An especially suitable polar organic solvent to be used alone or in mixture with water is an alcohol as mentioned above (C1-C4-alkanols such as methanol, ethanol, n-propanol or isopropanol).

c) In the Slurry process, the co-crystal is obtained from a slurry of dicamba and the co-crystal former B in a solvent comprising an organic solvent or in particular from a slurry of dicamba and the co-crystal former B in a mixture of water and organic solvent. Consequently, this method comprises suspending dicamba and the co-crystal former B in an organic solvent or in a mixture of water and organic solvent.

Preferred organic solvents or mixtures of water and organic solvent for the slurry process are those, where dicamba and the co-crystal former B have a comparable solubility. Comparable solubility means that the solubilities of the individual compounds in the solvent or solvent system differ by a factor of not more than 20, in particular by a factor of not more than 10. It is, however, also possible to use a solvent or solvent system, wherein the solubilities of the individual compounds are not comparable. In this case, it might be preferable to use the compound having the higher solubility in the respective solvent or solvent system in excess.

Preferred solvents for the slurry process are those, which are at least partially water miscible, i.e. which have miscibility with water of at least 10% v/v, more preferably at least 20% v/v at room temperature, mixtures thereof and mixtures of said water miscible solvents with organic solvents that have miscibility with water of less than 10% v/v at room temperature. Preferably the organic solvent comprises at least 80% v/v, based on the total amount of organic solvent, of the at least one water miscible solvent.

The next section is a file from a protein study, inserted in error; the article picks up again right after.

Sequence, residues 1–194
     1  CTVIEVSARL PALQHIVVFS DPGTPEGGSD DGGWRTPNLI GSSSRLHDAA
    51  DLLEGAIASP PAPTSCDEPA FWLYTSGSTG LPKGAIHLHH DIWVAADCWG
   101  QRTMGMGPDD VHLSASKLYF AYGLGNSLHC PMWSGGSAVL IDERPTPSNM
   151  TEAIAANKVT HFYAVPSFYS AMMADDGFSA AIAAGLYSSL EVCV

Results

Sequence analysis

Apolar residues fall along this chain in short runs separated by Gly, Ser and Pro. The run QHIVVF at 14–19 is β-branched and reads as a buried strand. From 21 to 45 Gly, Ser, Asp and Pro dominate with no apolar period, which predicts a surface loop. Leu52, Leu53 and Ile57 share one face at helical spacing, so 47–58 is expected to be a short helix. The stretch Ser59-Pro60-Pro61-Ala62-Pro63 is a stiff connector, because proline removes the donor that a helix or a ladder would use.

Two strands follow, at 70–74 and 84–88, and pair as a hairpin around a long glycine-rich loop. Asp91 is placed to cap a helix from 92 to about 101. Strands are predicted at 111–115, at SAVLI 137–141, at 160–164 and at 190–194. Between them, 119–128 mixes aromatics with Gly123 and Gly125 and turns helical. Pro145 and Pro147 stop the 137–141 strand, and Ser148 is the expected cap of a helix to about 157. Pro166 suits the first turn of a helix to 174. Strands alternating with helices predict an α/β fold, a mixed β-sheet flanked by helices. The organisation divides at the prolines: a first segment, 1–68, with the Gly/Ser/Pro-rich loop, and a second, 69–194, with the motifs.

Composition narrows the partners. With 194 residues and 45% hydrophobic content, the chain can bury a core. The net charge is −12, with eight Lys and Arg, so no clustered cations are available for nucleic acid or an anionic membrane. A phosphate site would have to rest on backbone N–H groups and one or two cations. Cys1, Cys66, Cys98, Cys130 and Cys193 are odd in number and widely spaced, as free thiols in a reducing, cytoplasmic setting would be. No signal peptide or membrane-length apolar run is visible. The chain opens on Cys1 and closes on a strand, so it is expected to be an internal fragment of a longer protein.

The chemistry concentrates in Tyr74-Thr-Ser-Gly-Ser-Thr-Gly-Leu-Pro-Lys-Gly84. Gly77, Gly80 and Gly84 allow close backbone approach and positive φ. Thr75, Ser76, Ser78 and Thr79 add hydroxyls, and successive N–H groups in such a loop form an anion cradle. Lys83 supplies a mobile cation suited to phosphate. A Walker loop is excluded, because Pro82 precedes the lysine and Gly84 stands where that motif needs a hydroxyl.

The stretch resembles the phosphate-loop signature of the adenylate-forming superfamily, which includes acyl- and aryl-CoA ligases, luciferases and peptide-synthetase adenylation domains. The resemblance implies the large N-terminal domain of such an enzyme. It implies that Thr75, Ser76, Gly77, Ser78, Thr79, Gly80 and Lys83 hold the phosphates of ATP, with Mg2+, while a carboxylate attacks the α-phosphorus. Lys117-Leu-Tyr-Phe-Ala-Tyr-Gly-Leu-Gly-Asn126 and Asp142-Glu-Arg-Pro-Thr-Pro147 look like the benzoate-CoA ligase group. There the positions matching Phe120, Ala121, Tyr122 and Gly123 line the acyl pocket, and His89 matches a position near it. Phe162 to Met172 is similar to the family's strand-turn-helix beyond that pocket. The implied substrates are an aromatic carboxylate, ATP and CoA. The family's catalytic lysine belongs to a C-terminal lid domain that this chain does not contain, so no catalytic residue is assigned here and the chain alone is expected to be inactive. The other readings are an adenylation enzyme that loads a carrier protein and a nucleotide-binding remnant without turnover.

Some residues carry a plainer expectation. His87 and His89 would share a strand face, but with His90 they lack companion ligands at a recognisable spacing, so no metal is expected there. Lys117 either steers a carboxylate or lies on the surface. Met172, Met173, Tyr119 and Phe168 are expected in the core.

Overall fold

Suitable solvents are polar organic solvents as defined above.

More preference is given to organic solvents of the group 1, and to their mixtures with water. In the mixtures with water the relative amount of organic solvent and water may vary from 200:1 to 1:200 (v/v), in particular from 1:5 to 1:100 (v/v).

An especially suitable organic solvent to be used alone or in mixture with water is an alcohol as mentioned above (C1-C4-alkanols such as methanol, ethanol, n-propanol or isopropanol).

The slurry process can by simply performed by suspending dicamba and the co-crystal former B in the organic solvent or in a solvent/water mixture. The relative amounts of dicamba and the co-crystal former B and solvent or solvent/water mixture will be chosen to obtain a suspension at the given temperature. Complete dissolution of dicamba and the co-crystal former B should be avoided. In particular, dicamba and the co-crystal former B are suspended in an amount from 1 g to 500 g, more preferably 10 g to 400 g per litre of solvent or solvent/water mixture.

The relative molar amount of dicamba and the co-crystal former B in the slurry process may vary from 1:100 to 100:1, preferably from 1:10 to 10:1, depending on the relative solubilities of dicamba and the co-crystal former B in the chosen solvent or solvent system. In solvent systems where the solubilities of the pure dicamba and the co-crystal former B are comparable the preferred molar ratio is from 2:1 to 1:2, in particular from 1.5:1 to 1:1.5 and especially about 1:1 (i.e. from 1.1:1 to 1:1.1). An excess of co-crystal former B will be used in solvent systems where the co-crystal former B has a higher solubility. This applies also vice versa with dicamba. If one of the components is in excess with regard to the stoichiometry of the co-crystal, a mixture of the co-crystal and the compound being in excess might be obtained, though an excess might also remain dissolved in the mother liquor, in particular if the compound which is used in excess has a high solubility in the chosen solvent system. For formulation purposes, the presence of an excess of co-crystal former B or dicamba might be acceptable. In particular the presence of an excess of dicamba does not cause stability problems. For preparing the pure co-crystal, dicamba and the co-crystal former B will be used in a relative molar amount which is close to the stoichiometry of the co-crystal to be formed and which usually will not deviate more than 50 mol-%, based on the stoichiometrically required amount.